RBI Monetary Policy: Here are the five key takeaways

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The December credit policy was an eagerly awaited event as it came just after the demonetization scheme that was announced last month. Almost every word mentioned by the Reserve Bank of India (RBI) on interest rates, growth, inflation and demonetization was to be analyzed threadbare. Quite ironically, the stance taken by the RBI was neutral and the basic rates were left unchanged, which was contrary to expectations.
What are the main takeaways from this policy?
First, the RBI had announced that the incremental 100 percent Cash Reserve Ratio (CRR) imposed on deposits after 11 September, would be revoked from 10 December. This was expected since the RBI had announced earlier the hiking of the limit for issuance of MSS bonds to Rs 6 lakh crore which will address the issue of handling excess liquidity with banks.
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Second, the lowering of repo rate was expected, though it was not, theoretically speaking, on. This is so because the banks had already started lowering their deposits and lending rates once deposits started flowing in after demonetization. Hence the transmission effect was strong due to extraneous forces. Therefore, lowering rates at this point of time was not really required. The expectation was more from the point of view of assuaging banks and improving sentiment at a time when the morale was low given the impounding of the deposits through incremental CRR requirement. In this context, the RBI has also cleared doubts over the role of Fed rate hikes by stating clearly that all such decisions are based on domestic factors and are not linked with the Federal Reserve’s actions.
Third, the RBI has settled the debate over the use of currency that disappears from the system. There has been considerable discussion as to what should be done to currency which disappears from the system which will happen if the holders cannot deposit the same due to absence of any justification. The amount spoken varied between Rs 3-4 lakh crore. It has been argued that the RBI can transfer the same to the government as surplus which can be used for productive purposes. There has been counter arguments put forward that this would not be the best practice to follow. The RBI, in its policy has clarified that no such thing will be done and that the liability will reside on its book without booking it as a cash surplus.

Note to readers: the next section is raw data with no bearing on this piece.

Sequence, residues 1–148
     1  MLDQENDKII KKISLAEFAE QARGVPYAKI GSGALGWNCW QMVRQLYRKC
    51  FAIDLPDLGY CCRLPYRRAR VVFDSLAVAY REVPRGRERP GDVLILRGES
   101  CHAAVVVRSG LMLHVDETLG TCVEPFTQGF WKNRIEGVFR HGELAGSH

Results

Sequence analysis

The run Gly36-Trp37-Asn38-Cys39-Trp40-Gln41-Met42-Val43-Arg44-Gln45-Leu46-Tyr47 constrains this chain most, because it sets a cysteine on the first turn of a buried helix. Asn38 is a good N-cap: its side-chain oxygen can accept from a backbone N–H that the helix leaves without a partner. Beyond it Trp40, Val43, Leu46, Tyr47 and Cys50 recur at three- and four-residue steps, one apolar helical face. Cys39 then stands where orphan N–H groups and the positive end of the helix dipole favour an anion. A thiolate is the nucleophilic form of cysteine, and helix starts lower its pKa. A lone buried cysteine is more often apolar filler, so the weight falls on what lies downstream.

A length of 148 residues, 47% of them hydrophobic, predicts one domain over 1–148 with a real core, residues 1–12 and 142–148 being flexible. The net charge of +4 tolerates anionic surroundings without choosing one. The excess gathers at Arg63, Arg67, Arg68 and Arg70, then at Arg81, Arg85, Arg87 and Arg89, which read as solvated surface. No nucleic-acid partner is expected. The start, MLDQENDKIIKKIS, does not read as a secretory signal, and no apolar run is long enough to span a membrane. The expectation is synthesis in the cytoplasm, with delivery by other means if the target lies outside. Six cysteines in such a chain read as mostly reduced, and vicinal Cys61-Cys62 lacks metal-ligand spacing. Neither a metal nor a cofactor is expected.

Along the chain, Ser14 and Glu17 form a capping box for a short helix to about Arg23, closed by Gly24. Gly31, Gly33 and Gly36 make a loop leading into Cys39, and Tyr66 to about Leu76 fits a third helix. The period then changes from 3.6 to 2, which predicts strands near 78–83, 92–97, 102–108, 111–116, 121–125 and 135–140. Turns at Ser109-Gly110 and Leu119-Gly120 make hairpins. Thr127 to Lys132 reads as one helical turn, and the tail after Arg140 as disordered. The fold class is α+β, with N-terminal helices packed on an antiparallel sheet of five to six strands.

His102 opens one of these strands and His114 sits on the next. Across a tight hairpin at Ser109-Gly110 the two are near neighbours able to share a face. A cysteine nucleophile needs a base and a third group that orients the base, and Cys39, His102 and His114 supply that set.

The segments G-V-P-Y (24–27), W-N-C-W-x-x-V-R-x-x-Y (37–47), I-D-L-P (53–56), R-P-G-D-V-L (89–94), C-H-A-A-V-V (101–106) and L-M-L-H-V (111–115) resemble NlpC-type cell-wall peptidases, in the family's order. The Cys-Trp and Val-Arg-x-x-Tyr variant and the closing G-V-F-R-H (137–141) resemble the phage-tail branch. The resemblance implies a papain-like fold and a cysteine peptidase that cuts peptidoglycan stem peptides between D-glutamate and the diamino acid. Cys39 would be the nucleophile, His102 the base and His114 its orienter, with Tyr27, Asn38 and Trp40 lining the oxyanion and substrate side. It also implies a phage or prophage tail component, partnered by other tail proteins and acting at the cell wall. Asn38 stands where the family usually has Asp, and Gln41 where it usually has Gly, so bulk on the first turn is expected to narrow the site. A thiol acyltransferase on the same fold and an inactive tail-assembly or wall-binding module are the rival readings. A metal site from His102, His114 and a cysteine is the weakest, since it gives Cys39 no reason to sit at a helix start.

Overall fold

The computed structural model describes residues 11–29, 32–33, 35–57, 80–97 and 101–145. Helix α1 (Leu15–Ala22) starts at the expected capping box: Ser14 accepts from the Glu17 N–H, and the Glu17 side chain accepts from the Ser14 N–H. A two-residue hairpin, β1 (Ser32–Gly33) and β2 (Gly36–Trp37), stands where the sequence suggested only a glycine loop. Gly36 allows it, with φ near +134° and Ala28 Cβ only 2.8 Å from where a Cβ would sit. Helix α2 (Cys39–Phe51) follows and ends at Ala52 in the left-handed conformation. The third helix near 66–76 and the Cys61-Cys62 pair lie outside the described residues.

Fourth, the RBI has brought down the GVA growth forecast to 7.1 percent fr om 7.6 percent, though it has clarified that this has been motivated more by the lower Q2 performance rather than a serious dent in Q3 growth. This may not be too convincing, and in case there is higher slippage in the third quarter then the overall growth process will get retarded further and could slip to less than 7 percent.
Fifth, the RBI has also been conservative with the inflation forecast of 5 percent by March end which is quite pragmatic. Prices of some food products have come down sharply post demonetization as farmers are unable to sell in the market. However, there would be a reversal when the rabi crop arrives next year as there are problems with farmers when it comes to procuring seeds and fertilizers. Also with international prices of crude oil and metals tending to firm up, there would be progressively pressure on prices and hence an unchanged target appears to be in order.
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What is the way forward? The RBI has kept all options open for rate cuts in future depending on the economic and liquidity conditions. Liquidity should largely not be an issue till March as the problem is more about dealing with surpluses rather than inducing the same. The reverse repo instrument will become more important than the repo rate, and an unchanged rate structure will be beneficial for banks which are converting deposits into GSecs through this window. On the other hand, more securities in the market though the MSS will decrease the price of bonds thus pushing up yields.
But the important question is whether or not demand for credit will increase or will lacklustre conditions continue to generate excess liquidity? Demand for credit depends on fresh investment as well as higher borrowing for working capital requirements. Now, with production slowing down in several sectors such as auto, FMCG, white goods, cement, housing etc. there will less enthusiasm for investment. One segment which showed high rate of growth in credit was home loans. Here, too, the ambivalence in expected impact has slowed down demand for homes which in turn has led to lower credit requirement.
Hence, with growth slowing down in these two quarters, demand for credit would take back seat, which in turn means that banks will have to learn to live with higher liquidity which will tend to lower interest rates on both deposits and loans. MSS bonds and reverse repo auctions are more often to find mention in the market than credit growth. This could be the story for the next four months.